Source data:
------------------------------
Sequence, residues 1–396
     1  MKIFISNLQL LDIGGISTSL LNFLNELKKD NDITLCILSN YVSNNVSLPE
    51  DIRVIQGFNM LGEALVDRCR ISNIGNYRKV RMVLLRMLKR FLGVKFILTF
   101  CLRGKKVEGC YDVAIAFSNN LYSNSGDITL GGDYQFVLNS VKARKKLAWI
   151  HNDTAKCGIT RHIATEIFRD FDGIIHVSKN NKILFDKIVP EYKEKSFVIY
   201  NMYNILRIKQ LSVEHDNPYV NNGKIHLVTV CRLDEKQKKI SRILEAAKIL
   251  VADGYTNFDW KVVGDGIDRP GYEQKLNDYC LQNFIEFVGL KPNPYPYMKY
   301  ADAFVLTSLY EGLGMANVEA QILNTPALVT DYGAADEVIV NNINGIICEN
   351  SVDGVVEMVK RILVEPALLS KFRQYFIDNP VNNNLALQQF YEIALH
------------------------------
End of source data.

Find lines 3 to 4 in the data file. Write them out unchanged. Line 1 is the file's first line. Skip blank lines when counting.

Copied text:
    51  DIRVIQGFNM LGEALVDRCR ISNIGNYRKV RMVLLRMLKR FLGVKFILTF
   101  CLRGKKVEGC YDVAIAFSNN LYSNSGDITL GGDYQFVLNS VKARKKLAWI